Secondly, regarding: “the Judeo-Christian faith and Greco-Roman culture, a heritage finding its clearest expression in the American experiment of self-government under law.” …
    You cannot imply that this view is untrue to the spirit of America and the Founders so shouldn’t be taught, and then claim that the Founders were over-privileged and bad and thus shouldn’t be emulated anyway. Choose one or the other; you can’t have both. The socioeconomic history of Latin-learning opportunities is irrelevant to this discussion, and you know it.
    More importantly, educational emphasis on both the “Greco-Roman” and “Judeo-Christian” influences is clearly limited to neither “conservative/religious” institutions nor due to some supposed inseparability of the two (you implied they’re not the same, and I agree), but because said influences are considered to be the pillars of the West; one need not (repeat, not) be religious in order to acknowledge Judeo-Christianity’s role in our history — exactly like no one need be Greek or Roman to acknowledge those cultures’ importance as well — and in fact, it is basic knowledge to all credible historians (most of whom are atheists, statistically speaking). This would clear up what you think is secular Hillsdale’s paradox.
    By Occam’s razor, in the face of common inference you have no reason to believe in conspiracies originating from a movement (charter schools) flawed but fundamentally intended to create choice for concerned parents and students (you should give “Waiting for Superman” a view), yet you insist on vilifying Hillsdale College and other originators because you’ve gathered a surface impression that their underlying beliefs are evil — or simply don’t resemble yours — and should probably be destroyed. Because you are willing to give the government the power to pick winners and losers, because you feel like a winner today and the possibility of that power coming back to bite you is unthinkable. I highly doubt you would discourse this way in person, so don’t do it on your blog.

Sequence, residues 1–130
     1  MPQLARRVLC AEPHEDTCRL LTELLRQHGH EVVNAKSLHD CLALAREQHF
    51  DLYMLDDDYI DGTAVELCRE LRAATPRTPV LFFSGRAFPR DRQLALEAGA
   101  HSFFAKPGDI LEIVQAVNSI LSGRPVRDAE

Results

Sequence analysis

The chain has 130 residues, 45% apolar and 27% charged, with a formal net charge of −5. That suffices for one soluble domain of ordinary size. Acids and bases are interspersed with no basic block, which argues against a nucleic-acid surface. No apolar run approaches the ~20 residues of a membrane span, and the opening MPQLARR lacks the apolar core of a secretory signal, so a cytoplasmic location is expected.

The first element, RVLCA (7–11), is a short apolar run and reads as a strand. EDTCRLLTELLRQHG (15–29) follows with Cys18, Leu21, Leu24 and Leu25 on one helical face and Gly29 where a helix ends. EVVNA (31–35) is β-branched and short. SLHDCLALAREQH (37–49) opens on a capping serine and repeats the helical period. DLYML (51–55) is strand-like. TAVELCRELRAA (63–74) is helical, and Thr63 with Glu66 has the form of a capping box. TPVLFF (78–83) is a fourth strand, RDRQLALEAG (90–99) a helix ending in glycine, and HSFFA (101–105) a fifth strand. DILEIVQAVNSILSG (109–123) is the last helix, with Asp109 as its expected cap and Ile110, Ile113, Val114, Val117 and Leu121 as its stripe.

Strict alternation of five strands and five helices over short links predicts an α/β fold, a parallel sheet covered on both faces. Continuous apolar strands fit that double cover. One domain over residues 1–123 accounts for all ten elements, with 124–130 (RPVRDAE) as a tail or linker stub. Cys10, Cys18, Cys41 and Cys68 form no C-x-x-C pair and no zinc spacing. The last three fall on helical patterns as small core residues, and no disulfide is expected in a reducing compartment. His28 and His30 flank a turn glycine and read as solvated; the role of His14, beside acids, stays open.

And lastly, don’t be dismayed. Personally, I like to disrupt echo chambers of any ideology, be they left-wing, right-wing, or in-between. By checking your statements with mine, I’m just seeking debate, by which you and I ideally are sharpening each other’s “logos” for the real battles of ideas.
    And yes, Porter’s the man, although I don’t insist I’m “the top.”

    • Up North Progressive says:

      You seem to be inferring things I never said.

      Hillsdale College is unlike any other school in the country. They are going to continue for a long time and they are very old. They are a private school and can espouse any philosophy they want. Hillsdale Academy, their private school is a Christian school and they can teach those students any way they want. The problem comes when this College helps charter schools open up, using the same Christian education as their academy and the taxpayers are paying for it. That is a violation of the first amendment.

      Not a conspiracy, but a real purpose to privatize public education and profit from a taxpayer funded institution. The main purpose of privatizing education is to dismantle the teacher’s unions, because they lean Democratic party. School choice talks about options that are beneficial for children, but the reality is pure politics.